Book Review: Nine Algorithms That Changed the Future

This was highly unexpected: Nine Algorithms That Changed the Future is a hell of a book!

The premise of the book is that it might be too boring for those familiar with the industry, but it’s one of the most fascinating books I’ve read over the past few months instead: sure, some topics were really basic and you could skip some chapters as they were explaining computing fundamentals to people with no prior knowledge, but the book got me hooked regardless, as it’s able to walk you through some very interesting topics such as Quantum Computing or software that fixes itself.

The book is divided in 9 + 1 chapters that will walk you through clever algorithms that dominate today’s computing, from indexing techniques and crypto to pattern recognition and data compression: in each chapter you will slowly familiarize with the problem, go through the poor man’s solution and see how clever algorithms efficiently solve the original problem. Chapters build up so well that’s a real joy to go through them — the only negative point I might have is that a couple of them really strive to explain it to people without a solid background, and they might be too tedious to the programmer in you. But, considering that one of the goals of the book is to get people closer to Computer Science, even those “boring” chapters get my personal high-five!

Some interesting quotes from the book:

Babylonians were using indexing 5000 years before search engines existed

if you download a 20-megabyte software program, and your computer misinterprets just one in every million characters it receives, there will probably still be over 20 errors in your downloaded program—every one of which could cause a potentially costly crash when you least expect it.
The moral of the story is that, for a computer, being accurate 99.9999% of the time is not even close to good enough

by repeating an unreliable message often enough, you can make it as reliable as you want

Hamming we have met already: it was his annoyance at the weekend crashes of a company computer that led directly to his invention of the first error-correcting codes, now known as Hamming codes

Shannon demonstrated through mathematics that it was possible, in principle, to achieve surprisingly high rates of error-free communication over a noisy, error-prone link. It was not until many decades later that scientists came close to achieving Shannon’s theoretical maximum communication rate in practice.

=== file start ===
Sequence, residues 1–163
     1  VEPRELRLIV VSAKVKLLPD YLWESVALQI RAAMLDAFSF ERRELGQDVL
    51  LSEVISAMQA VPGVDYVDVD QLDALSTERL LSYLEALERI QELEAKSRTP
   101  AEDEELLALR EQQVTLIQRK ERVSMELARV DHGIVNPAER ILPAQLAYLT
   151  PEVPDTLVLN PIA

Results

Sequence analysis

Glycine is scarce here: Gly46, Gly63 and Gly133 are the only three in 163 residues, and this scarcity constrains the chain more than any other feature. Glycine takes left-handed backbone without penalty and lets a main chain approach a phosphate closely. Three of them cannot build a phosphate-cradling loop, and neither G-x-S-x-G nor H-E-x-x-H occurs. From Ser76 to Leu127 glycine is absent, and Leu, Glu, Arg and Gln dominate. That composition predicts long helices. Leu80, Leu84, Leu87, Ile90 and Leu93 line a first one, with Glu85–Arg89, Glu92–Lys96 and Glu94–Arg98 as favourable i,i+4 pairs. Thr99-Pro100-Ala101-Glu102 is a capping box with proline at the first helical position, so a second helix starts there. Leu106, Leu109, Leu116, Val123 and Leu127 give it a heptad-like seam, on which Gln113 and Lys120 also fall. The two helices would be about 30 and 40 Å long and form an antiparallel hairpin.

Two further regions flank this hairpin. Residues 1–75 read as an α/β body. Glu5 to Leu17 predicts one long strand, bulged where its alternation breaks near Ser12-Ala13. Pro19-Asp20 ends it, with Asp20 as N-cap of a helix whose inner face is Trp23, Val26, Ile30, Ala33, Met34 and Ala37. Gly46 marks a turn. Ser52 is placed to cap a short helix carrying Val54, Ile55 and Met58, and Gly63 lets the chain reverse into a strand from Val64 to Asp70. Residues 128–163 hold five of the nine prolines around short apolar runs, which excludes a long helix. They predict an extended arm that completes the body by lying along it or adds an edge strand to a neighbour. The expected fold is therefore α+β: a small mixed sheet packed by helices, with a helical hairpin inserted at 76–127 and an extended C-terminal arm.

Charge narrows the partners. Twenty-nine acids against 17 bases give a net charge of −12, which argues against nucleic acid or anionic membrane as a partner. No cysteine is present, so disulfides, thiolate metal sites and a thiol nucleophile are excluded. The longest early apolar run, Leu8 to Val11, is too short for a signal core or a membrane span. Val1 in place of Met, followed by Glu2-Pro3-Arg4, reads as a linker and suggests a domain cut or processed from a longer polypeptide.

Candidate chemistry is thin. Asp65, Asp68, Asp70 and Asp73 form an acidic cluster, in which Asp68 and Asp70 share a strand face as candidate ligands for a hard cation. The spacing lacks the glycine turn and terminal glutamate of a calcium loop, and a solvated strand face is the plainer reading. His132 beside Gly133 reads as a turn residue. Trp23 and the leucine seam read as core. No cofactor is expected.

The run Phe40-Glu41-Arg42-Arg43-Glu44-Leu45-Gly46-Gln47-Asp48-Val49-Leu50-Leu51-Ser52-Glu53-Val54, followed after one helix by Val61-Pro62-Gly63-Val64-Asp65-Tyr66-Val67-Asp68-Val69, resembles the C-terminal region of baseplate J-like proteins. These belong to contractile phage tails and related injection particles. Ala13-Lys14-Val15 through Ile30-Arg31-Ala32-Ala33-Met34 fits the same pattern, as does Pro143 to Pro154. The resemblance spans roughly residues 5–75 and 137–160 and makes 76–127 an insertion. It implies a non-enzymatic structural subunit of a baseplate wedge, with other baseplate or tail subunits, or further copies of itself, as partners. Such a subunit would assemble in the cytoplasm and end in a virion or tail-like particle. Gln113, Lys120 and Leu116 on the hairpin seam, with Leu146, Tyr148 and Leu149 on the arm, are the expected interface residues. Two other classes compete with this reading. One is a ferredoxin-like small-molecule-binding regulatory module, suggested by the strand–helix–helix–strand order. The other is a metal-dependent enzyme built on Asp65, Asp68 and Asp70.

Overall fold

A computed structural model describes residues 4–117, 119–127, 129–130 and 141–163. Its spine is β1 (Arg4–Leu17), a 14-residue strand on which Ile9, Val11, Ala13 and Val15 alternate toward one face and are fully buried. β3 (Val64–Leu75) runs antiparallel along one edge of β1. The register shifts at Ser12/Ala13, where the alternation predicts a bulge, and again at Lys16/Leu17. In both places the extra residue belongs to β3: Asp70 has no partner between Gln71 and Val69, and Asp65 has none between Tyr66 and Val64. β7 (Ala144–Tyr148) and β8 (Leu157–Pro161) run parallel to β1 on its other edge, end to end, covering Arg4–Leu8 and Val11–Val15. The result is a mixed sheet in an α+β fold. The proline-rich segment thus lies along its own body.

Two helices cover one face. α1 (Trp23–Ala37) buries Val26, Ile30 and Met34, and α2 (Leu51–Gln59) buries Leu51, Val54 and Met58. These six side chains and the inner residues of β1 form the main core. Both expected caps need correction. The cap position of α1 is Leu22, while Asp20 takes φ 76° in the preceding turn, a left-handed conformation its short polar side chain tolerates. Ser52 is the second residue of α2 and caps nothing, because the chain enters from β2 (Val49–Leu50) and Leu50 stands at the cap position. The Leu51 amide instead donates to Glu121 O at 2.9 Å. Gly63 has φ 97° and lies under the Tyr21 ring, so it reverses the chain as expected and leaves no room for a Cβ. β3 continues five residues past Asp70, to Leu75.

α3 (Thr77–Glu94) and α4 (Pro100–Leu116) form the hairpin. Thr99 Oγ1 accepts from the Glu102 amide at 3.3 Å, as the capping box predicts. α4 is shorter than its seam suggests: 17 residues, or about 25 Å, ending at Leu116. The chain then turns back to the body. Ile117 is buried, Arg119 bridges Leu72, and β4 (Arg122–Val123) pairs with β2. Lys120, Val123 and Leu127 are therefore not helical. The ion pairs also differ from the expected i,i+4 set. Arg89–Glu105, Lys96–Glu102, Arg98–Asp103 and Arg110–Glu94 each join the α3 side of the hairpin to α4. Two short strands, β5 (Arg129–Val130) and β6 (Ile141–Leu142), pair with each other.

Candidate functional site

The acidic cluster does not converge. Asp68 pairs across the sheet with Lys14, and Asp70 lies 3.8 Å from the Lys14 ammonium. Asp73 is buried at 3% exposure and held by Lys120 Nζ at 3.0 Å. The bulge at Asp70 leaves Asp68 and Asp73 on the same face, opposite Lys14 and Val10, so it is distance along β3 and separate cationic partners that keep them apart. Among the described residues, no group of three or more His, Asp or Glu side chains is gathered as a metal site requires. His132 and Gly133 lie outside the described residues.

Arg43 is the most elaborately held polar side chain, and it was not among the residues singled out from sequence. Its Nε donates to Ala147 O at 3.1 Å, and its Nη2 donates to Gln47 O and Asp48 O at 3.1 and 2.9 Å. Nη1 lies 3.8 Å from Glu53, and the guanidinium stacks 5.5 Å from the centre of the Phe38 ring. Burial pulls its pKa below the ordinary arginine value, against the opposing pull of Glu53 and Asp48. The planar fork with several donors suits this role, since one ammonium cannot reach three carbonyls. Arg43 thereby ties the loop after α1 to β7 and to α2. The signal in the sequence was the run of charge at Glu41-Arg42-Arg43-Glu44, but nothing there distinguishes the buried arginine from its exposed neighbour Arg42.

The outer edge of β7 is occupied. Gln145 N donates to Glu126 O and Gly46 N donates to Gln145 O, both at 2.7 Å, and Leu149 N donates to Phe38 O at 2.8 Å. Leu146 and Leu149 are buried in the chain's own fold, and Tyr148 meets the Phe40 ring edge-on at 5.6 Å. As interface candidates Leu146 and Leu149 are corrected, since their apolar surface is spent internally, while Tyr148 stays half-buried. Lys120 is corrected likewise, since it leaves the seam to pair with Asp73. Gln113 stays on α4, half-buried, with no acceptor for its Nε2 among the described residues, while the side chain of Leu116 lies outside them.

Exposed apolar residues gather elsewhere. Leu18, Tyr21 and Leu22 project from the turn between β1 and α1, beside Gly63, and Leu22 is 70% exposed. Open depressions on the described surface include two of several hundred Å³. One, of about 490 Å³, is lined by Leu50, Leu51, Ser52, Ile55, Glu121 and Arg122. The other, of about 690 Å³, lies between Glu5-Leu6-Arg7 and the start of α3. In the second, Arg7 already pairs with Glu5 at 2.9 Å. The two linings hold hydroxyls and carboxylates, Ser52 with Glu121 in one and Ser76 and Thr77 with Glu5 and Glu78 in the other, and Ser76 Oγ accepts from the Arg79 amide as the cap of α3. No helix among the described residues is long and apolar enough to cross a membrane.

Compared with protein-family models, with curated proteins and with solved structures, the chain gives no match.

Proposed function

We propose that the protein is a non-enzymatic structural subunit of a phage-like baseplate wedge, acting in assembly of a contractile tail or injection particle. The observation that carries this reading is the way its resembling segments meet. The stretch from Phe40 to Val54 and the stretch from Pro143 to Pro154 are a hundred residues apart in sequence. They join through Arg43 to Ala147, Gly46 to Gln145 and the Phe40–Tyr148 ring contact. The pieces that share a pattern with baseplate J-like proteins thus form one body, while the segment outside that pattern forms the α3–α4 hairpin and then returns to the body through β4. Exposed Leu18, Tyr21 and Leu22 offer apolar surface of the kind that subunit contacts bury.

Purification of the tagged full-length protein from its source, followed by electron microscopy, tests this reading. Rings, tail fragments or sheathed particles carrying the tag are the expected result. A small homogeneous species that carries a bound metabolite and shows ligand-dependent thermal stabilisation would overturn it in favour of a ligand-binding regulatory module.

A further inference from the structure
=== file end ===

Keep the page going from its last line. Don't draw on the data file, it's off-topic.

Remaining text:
To keeps things simple, let’s assume you work eight-hour days, five days a week, and that you divide your calendar into one-hour slots. So each of the five days has eight possible slots, for a total of 40 slots per week. Roughly speaking, then, to communicate a week of your calendar to someone else, you have to communicate 40 pieces of information. But if someone calls you up to schedule a meeting for next week, do you describe your availability by listing 40 separate pieces of information? Of course not! Most likely you will say something like “Monday and Tuesday are full, and I’m booked from 1 p.m. to 3 p.m. on Thursday and Friday, but otherwise available.” This is an example of lossless data compression! The person you are talking to can exactly reconstruct your availability in all 40 slots for next week, but you didn’t have to list them explicitly.

Although physicists have known how to split atoms for many decades, the original meaning of “atomic” came from Greek, where it means “indivisible.” When computer scientists say “atomic,” they are referring to this original meaning.

The issue of whether RSA is truly secure is among the most fascinating—and vexing—questions in the whole of computer science. For one thing, this question depends on both an ancient unsolved mathematical problem and a much more recent hot topic at the intersection of physics and computer science research. The mathematical problem is known as integer factorization, the hot research topic is quantum computing

the pace of algorithmic innovation will, if anything, decrease in the future. I’m referring to the fact that computer science is beginning to mature as a scientific discipline. Compared to fields such as physics, mathematics, and chemistry, computer science is very young: it has its beginnings in the 1930s. Arguably, therefore, the great algorithms discovered in the 20th century may have consisted of low hanging fruit, and it will become more and more difficult to find ingenious, widely applicable algorithms in the future.

As leader of a team, I’m very happy with this book as it gives me a few good inspirations on how to teach these ideas both at work and “at home”: at the end of the day it’s generally hard to find good metaphors for the stuff we use everyday, and this book has a plethora of straightforward ones that you can re-use whenever someone comes up to you and asks you “why is it safe to send sensitive information via HTTPS?”.

Highly recommended!

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